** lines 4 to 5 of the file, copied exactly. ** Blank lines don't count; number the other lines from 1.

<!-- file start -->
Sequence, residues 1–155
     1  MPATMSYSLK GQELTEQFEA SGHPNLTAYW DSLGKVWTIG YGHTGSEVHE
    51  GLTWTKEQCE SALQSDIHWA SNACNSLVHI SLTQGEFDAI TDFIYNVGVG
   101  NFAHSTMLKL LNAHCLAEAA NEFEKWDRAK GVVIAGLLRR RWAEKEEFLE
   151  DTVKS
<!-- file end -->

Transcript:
   101  NFAHSTMLKL LNAHCLAEAA NEFEKWDRAK GVVIAGLLRR RWAEKEEFLE
   151  DTVKS